Jo Brand lends her support to BIGSPD

The Complex Needs Service¹, provided by Oxford Heath NHS Foundation Trust, is hosting the annual British and Irish Group for the Study of Personality Disorder (BIGSPD) annual conference, which starts today (March 23) and runs until Friday at Lady Margaret Hall.

Being held in Oxford for the first time, speakers at the BIGSPD conference will be setting out new research findings and clinical approaches to personality disorders (PD).

The conference has attracted international keynote speakers, including Professor Joel Paris (McGill University, Montreal); Professor Kate Davidson (University of Glasgow) and Dr Hanna Pickard (All Souls College, Oxford).

Dr Hanna Pickard, a philosopher of mind and psychiatry, and a therapist at the Complex Needs Service, will tomorrow (Thursday March 24) be challenging delegates to think differently. Her paper will focus on ‘responsibility not rescue; empathy not blame’.

Special Guest, Jo Brand, will be attending the conference on the last night. As well as bringing comic, light hearted entertainment to the conference, Jo will draw on her experience of being a psychiatric nurse. Most notably, before becoming a stand-up-comedian, Jo worked for the Maudsley Hospital in South London and has since contributed greatly to challenging stigma and discrimination in mental health.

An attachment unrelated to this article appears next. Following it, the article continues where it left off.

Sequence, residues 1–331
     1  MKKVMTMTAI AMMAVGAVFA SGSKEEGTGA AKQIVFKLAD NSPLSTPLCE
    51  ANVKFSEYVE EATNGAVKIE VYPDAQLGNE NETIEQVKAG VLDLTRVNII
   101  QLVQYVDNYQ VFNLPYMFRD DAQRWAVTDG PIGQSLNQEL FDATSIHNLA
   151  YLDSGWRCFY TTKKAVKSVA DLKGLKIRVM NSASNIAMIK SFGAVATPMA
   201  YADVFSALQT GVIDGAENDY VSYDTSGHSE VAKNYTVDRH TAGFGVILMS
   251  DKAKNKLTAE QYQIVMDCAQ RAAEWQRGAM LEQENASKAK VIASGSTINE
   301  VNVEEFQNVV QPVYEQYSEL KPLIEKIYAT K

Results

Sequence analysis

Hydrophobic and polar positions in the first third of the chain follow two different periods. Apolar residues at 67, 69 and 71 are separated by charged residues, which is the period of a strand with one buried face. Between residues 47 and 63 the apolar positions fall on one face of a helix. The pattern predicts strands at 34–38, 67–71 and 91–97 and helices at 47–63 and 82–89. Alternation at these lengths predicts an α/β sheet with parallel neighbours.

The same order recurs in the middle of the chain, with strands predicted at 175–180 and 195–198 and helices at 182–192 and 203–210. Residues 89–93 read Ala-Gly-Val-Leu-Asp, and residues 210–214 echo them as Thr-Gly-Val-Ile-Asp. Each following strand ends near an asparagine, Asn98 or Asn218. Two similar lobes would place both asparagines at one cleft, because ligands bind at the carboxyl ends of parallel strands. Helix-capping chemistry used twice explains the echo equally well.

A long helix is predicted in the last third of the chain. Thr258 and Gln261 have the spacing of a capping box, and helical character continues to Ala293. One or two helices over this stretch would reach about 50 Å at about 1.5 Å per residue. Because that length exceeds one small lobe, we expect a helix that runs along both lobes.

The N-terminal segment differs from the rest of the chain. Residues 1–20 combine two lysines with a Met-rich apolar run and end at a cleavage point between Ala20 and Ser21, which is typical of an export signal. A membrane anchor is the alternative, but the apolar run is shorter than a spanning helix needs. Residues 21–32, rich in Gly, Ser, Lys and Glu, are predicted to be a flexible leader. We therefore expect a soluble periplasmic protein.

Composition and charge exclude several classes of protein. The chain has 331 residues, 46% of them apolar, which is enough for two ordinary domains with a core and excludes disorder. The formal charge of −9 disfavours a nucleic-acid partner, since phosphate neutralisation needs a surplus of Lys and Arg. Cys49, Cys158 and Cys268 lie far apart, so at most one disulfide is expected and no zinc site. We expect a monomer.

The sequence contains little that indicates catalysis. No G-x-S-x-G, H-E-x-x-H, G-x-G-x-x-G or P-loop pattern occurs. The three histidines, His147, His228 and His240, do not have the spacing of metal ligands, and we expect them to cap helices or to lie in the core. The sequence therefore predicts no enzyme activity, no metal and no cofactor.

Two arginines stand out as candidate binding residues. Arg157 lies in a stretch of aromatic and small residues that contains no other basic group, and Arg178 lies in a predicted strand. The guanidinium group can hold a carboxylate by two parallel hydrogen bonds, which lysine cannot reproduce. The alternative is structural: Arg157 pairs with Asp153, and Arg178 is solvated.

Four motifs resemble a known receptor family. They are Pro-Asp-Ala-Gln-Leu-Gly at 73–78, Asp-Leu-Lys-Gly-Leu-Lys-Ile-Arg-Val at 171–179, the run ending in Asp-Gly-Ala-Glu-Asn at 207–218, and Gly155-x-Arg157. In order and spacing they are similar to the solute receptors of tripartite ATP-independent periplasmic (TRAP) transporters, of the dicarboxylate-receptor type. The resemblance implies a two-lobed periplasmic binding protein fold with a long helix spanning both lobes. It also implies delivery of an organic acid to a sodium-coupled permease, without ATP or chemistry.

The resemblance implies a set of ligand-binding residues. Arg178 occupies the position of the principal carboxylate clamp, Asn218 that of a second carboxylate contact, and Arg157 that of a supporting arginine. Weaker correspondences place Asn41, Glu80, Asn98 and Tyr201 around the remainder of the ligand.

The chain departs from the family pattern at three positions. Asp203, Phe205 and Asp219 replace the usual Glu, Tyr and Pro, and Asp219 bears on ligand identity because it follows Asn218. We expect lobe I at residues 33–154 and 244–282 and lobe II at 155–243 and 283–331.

What is personality disorder?

The term ‘personality disorder’ is used to describe the problematic ways of coping with everyday life and dealing with self, others and the world which result from the interplay between genetic and environmental factors and disrupted early development.

Personality disorder affects one in 20 of the population and can lead to severe problems in people’s work and personal life.  People with PD may present with a range of physical, mental health and social problems such as substance misuse, depression and suicide risk, housing problems and long-standing interpersonal problems. The general impact of PD on individuals, families and society is significant.

In the past it was thought that problems associated with personality disorder were untreatable. But evidence from a number of pilots and projects up and down the country has changed all that – therapeutic programmes are making real and lasting improvements to all those affected by PD.

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